Let’s move on to learn more about how to increase memory power with brain training.
How to Increase Memory Power – Brain Training
In a recent study on healthy adults, the average number of memory slips was around six per week. It would be surprising to note that the list had younger people that were the most absent-minded. Remembering is an active process. Our brain does the difficult tasks of paying attention, planning, and saving the heaps of memories we create at every moment. Luckily, there are a many effective memory improvement methods on brain training that can help us remember better.
The point to note here is that as humans we are forgetful and there are many reasons we forget things easily. The problem lies in our way to remembering. Jim Kwik, a memory and speed-reading expert shared a simple brain training idea called the ‘MOM’ theory. It stands for Motivation, Observation and Mechanics.
Motivation: How eager are we to remember?
The first step is to ask ourselves why we need to remember something. Motivation is the key to learning. Often, memory has little to do with our abilities and everything to do with how much we want to remember it. If we can’t come up with a reason to remember, we won’t remember.
Observation: Do we pay enough attention to remember?
The art of memory is the art of attention. We have to understand that memory issues are attention issues, not retention issues. We need to listen and be alert about our surroundings as best as we can to boost our memory.
How often do we say this, “When I was young I had a good memory, but as I am getting older my memory is fading.” It is because as we grow older, when we talk to people, we are focused on presenting ourselves rather than paying attention to what they are saying. As a result, we give lesser focus to the chat which affects our memory.
Mechanics: Can we improve our memory with brain training?
We need to learn more about the methods and most importantly, practice them to get better at memorising. A few memory improvements and brain training tips can help us boost our memory power.
There are different tricks and tips to remember better. Let’s take the case of forgetting names to understand the application of techniques better. Did you know that our brains have dedicated processors for faces, but not for names? That is why we tend to forget names but may recall faces more often. But the good news is that Jim Kwik has developed a unique brain training method that can help us remember names better. And he has given it the acronym BE SUAVE – which is easy to remember too.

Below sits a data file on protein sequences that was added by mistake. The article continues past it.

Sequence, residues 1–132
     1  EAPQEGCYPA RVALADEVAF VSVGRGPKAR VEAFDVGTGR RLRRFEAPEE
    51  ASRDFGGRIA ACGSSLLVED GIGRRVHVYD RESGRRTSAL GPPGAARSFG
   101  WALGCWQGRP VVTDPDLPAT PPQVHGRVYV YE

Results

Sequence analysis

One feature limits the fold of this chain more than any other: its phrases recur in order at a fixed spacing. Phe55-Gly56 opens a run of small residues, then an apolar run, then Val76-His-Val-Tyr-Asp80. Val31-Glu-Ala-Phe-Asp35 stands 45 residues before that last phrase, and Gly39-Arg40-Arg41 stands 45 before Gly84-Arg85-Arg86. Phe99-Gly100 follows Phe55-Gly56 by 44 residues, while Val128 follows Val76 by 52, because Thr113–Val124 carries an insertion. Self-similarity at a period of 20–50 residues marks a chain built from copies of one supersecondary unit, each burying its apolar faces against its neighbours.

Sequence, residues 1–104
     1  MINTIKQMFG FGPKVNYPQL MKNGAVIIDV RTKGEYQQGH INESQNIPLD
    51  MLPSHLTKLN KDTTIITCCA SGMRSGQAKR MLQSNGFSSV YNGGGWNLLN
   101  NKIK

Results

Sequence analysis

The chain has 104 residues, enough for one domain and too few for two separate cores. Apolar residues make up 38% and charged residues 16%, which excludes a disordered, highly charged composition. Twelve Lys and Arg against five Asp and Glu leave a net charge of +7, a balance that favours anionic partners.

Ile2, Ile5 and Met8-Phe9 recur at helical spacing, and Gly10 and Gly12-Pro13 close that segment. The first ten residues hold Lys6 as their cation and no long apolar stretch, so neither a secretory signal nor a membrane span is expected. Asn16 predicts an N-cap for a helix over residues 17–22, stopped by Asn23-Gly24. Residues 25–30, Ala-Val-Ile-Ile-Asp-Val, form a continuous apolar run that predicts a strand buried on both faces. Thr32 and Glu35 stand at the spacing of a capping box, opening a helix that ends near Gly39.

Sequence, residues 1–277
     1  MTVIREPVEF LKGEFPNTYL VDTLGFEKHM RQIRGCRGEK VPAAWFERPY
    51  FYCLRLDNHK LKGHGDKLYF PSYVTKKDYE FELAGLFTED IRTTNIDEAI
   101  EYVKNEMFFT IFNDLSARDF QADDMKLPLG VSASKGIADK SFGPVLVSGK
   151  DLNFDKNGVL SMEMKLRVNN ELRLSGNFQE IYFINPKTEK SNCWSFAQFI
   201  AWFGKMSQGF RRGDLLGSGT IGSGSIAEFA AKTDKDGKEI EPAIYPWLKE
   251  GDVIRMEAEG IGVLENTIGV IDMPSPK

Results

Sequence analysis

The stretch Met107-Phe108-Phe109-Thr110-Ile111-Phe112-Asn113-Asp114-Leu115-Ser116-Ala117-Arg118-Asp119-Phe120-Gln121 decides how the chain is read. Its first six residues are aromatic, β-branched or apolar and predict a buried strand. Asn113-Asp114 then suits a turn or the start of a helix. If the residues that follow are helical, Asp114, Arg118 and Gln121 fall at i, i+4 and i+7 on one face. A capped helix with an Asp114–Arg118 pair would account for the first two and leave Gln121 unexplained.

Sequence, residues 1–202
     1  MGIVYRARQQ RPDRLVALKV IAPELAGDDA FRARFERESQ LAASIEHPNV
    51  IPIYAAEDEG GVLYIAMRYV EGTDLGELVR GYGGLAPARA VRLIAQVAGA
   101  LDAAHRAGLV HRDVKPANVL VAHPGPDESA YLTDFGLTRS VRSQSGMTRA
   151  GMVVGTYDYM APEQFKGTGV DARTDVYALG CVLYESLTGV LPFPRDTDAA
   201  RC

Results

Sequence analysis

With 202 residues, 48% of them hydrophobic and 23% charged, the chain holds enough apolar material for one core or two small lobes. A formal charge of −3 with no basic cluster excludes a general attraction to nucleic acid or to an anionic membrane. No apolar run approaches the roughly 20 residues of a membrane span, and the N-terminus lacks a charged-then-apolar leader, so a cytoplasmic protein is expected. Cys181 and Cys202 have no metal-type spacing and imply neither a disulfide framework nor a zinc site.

BE SUAVE is a simple formula to remember names of people – Brain Training
“Whether you believe you can or believe you can’t, either way, you’re right” – Henry Ford.
Our brain is like a supercomputer and our self-talk is the program that it will run to remember. So if we tell ourselves we can’t remember names, we will never remember names. Because we ask our supercomputer not to remember names. If we believe that we can remember names, over time, we will get better at it. This stands true for many parts of our lives.
Remembering names is a skill which takes practice and efforts. In brain training, practice makes progress.
- Try mental workouts: Solve brain games like crosswords or puzzles. The more we stick to completing it, the sharper will be our memory.
- Try physical workouts: Regular exercise protects the brain against memory decay. Include activities such as aerobics, running, swimming, hiking, dancing and brisk walking to keep the mind active.
- Calm the mind: Mindful meditation may help in improving memory retention and reduce brain damage. Meditation increases brain flexibility, which helps in keeping it sharp and healthy.
- Get enough zzz: Sleep is important for overall brain health. A good full night’s sleep of about 6-8 hours helps our brain restore long term memories.